22 To the weak became I as weak, that I might gain the weak: I am made all things to all men, that I might by all means save some.
This is one of my favorite verses.
What’s the value of approaching atheists as though they both believed the Scriptures and understood the truths contained therein? Or what is the value of approaching Muslims with a BLT and a dog? They will repel you before you are able to share the truth with them.
Instead, approach them based on what they can already understand and receive, so that you might share with them the Truth.
This is one of the big reasons why I have read the Dao De Ching, the Sacred Havamal, and the Annalects of Confucius. If I can speak the Gospel using words and concepts that those around me can understand, then I can show them the greatness of our Lord.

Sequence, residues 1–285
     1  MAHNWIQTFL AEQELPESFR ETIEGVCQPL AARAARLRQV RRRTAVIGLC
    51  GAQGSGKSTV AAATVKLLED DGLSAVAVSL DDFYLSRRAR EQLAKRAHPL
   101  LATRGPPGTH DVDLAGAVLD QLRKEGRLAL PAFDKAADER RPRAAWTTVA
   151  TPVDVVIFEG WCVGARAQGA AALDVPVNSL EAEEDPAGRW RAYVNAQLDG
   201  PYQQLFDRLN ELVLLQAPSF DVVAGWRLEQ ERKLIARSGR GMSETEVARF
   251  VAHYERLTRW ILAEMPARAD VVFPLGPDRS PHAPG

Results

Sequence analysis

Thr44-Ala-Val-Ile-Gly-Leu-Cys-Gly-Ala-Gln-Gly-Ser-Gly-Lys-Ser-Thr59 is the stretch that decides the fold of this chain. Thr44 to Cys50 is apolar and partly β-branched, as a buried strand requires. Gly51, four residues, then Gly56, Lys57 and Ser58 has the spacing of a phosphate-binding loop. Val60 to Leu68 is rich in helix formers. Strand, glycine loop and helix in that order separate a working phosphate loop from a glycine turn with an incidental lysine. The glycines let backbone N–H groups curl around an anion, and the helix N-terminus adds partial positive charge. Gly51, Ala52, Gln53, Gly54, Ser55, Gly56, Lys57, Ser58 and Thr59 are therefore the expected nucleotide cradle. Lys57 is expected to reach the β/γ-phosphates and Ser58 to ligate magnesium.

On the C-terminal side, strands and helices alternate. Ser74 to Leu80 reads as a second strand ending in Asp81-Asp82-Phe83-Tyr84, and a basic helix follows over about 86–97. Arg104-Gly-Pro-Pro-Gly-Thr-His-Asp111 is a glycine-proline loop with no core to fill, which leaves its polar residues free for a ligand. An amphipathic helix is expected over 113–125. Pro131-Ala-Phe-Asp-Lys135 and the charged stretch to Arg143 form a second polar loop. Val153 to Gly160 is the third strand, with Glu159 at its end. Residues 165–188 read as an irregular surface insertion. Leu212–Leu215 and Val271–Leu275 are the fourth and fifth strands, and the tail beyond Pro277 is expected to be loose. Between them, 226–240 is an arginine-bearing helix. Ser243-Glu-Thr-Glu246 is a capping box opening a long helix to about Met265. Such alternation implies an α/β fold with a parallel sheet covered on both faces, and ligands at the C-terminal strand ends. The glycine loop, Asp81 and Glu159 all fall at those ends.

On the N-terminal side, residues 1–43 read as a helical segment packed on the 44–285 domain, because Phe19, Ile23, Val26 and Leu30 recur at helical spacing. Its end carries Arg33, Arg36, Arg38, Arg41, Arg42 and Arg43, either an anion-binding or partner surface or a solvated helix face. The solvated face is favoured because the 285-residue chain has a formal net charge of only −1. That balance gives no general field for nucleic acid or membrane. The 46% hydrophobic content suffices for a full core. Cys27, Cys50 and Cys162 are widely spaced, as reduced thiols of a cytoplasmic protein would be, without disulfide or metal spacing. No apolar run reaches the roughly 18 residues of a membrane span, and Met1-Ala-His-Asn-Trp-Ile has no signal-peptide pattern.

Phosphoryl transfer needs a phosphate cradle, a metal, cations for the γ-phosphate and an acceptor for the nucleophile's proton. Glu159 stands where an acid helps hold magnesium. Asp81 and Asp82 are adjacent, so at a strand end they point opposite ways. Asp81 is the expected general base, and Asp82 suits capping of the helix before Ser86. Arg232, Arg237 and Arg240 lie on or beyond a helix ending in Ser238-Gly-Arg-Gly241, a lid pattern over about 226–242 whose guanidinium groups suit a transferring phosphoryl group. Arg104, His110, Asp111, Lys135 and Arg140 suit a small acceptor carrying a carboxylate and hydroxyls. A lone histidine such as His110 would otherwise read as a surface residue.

23 And this I do for the gospel’s sake, that I might be partaker thereof with you.
24 Know ye not that they which run in a race run all, but one receiveth the prize? So run, that ye may obtain.
Mediocrity is not for the Church.
25 And every man that striveth for the mastery is temperate in all things. Now they do it to obtain a corruptible crown; but we an incorruptible.
People who master the guitar tend to apply great effort and focus toward the task, and as such learn a great deal about obtaining success. The same is true of those who study business, or art, or philosophy.
We obtain the same benefits, but we work to master something greater – an understanding and reliance on the Holy Spirit which is given us by Christ. The Donald Trumps and George Soros-es of the world will eventually die and lose access to what they have built, but we who are in Christ will gain everything. Thus, our determination should be even greater than theirs.